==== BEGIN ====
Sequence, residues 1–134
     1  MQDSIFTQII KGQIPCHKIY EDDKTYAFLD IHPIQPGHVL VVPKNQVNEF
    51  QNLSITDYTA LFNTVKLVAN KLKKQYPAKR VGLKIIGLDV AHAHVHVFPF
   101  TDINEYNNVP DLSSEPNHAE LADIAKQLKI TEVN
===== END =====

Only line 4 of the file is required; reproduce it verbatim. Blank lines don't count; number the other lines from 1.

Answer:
   101  TDINEYNNVP DLSSEPNHAE LADIAKQLKI TEVN